The catacombs are some of the most extraordinary parts of Rome. Pilgrims on ‘The Italian Way’ and Emerging Leaders Program had the opportunity to enter this amazing network of subterranean passageways, in which thousands upon thousands of Christians lay buried.
Anyone who has visited the catacombs before knows what a moving experience it can be—an opportunity to touch history, and to experience the faith of the early Christians, many of whom were martyred simply for becoming followers of Jesus. This was a chance for some of Melbourne’s pilgrims to encounter the Lord anew as they come to a deeper appreciation of what becoming Christian actually meant to people in the ancient world—and the dangerous ramifications if the wrong people found out.
As the pilgrims continue exploring the Eternal City, we delve into some of the fascinating history of Rome’s Christian catacombs.
Antonio Busio (1575–1629) was a Maltese scholar and is widely regarded as the founder of Christian archaeology.
As an illegitimate child, Busio was placed under the guardianship of his uncle, who served as a representative of the Knights of Malta in Rome. There, in the Roman cultural circles of the sixteenth century, the young student of literature and philosophy also became interested in the study of early Christianity, which was flowering anew since the accidental discovery of a subterranean cemetery on the Via Salaria.
Little work had been done exploring that cemetery any deeper, but when he was only 18 years old, Busio committed himself to exploring the catacombs, following their passages to discover the burial places of many early Christian martyrs. The extent of the catacombs proved to be an incredible discovery.
The details of his explorations were compiled and published in his book, Roma Sotterranea (1632). He is known as the ‘Columbus of the Catacombs’.
According to Roman law at the time, the burial of bodies inside the city was prohibited, forcing people to take their dead outside the walls.
Since the practice of cremating the dead was common in the ancient world, this law didn’t pose much of a problem for most people. But while the Church does permit cremation today, provided the ashes are buried and not scattered, the early Christians objected to the practice because of its association with pagan beliefs and rituals. In Christian tradition, the preference for burying the dead reflects the Church’s belief in the eventual resurrection of the body.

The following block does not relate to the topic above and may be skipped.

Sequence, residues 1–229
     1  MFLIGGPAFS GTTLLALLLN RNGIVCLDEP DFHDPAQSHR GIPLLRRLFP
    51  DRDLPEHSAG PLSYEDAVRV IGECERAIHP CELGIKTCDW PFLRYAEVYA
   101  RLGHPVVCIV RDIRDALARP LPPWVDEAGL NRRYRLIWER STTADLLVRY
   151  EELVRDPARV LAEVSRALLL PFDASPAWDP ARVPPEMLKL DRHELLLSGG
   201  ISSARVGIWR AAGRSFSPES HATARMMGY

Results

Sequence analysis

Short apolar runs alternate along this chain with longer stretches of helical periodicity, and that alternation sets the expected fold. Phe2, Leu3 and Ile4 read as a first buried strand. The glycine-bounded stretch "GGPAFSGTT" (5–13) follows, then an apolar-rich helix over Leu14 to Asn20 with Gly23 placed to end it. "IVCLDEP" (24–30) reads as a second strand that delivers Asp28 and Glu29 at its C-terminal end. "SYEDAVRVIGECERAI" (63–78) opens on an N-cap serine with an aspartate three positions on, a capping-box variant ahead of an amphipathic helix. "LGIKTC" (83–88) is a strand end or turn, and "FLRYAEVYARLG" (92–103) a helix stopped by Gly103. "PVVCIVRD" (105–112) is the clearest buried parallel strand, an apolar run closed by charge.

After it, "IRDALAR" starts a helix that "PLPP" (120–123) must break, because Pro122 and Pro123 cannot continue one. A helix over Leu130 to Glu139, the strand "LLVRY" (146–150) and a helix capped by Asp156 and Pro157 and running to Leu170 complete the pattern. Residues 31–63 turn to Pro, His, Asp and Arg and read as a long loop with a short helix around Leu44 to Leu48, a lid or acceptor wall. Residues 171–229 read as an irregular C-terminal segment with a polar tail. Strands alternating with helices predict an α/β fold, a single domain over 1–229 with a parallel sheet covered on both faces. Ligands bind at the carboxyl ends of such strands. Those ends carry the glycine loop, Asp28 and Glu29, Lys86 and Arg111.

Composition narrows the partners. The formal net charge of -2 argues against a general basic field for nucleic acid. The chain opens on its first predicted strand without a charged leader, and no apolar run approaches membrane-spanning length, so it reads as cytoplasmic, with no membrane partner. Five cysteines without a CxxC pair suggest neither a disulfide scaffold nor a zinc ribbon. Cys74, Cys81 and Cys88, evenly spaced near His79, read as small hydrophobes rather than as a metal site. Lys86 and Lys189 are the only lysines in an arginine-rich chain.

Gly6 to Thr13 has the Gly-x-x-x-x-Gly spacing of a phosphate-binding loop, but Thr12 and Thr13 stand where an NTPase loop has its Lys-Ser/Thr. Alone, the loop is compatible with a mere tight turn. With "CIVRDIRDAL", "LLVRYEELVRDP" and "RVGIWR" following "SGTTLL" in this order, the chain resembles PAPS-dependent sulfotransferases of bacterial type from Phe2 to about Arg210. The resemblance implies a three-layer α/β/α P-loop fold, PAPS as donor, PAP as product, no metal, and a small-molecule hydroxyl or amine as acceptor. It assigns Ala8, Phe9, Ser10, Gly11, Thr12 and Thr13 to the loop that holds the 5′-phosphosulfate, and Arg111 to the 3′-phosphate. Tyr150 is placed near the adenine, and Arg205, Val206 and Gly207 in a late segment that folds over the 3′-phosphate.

With the growing numbers of Christians in ancient Rome, finding enough space for burials became a problem, and subterranean catacombs were the answer.
The digging of the catacombs, which is thought to have mostly been done by hand, began sometime in the second century, continuing through to the fifth. The passageways forming the underground labyrinth are sometimes kilometres long, and the tombs are actually rows of rectangular niches dug out of the walls. The bodies of the dead would be wrapped in sheets and placed in those niches before being covered up with baked clay, or sometimes marble.
The secrecy of the catacombs allowed the early followers of Jesus to mark the graves with obviously Christian symbols.The time in which they were first dug was a time of intense persecution for Christians. Followers of ‘the Way’ (Acts 9:2) were seen as superstitious, even as ‘atheists’, by the Roman authorities because of their refusal to offer sacrifice to pagan gods. They were falsely accused of horrible crimes and even blamed for things that had nothing to do with them. But as the Pauline scholar NT Wright suggests, Christians were also controversial because of their claim that Christ was ‘Lord’—a politically charged term in the ancient world—which clearly implied that Caesar was not.
With such violent persecution directed at Christians, the only way for them to mark graves, make art or inscribe things was in secret. The catacombs therefore contain some of the earliest Christian art and inscriptions.
Popular symbols in the early church included the ‘orante’, a praying figure with open arms that symbolised the soul living in the peace of Christ. The Greek letters Alpha and Omega were also commonly used, as well as the image of a dove holding an olive branch, and an anchor, which signified the soul finally reaching the port of eternal life.
Another famous Christian symbol—more famous than others, perhaps—is the simple drawing of a fish. The Greek word for fish is ichthus, and when read as an acrostic, it stands for the central Christian belief: Iesous CHristos Theou Uios Soter (‘Jesus Christ, Son of God, Saviour’). The drawing of the fish became a shorthand, allowing Christians to identify one another in public, mark sacred sites and point to special gatherings.
The fish also had a deeper theological symbolisism. Jesus began his ministry by calling the twelve apostles to come and be ‘fishers of people’ with him (Matthew 4:19). Christians are those ‘little fishes’ caught by Christ.
There was also the famous monogram of Christ, interlacing two Greek letters X (chi) and P (ro), which were the first two letters of the word ‘Christ’ in Greek. This symbol was placed on almost every gravestone.
Yet another popular piece of early Christian art was a depiction of Christ the Good Shepherd, often with a lamb around his shoulders, representing the soul being saved. These images are often found in the frescoes and reliefs of early Christian sarcophagi.
Although there are more than 60 catacombs beneath the city of Rome, many kilometres long and containing thousands of tombs, only five are open to the public: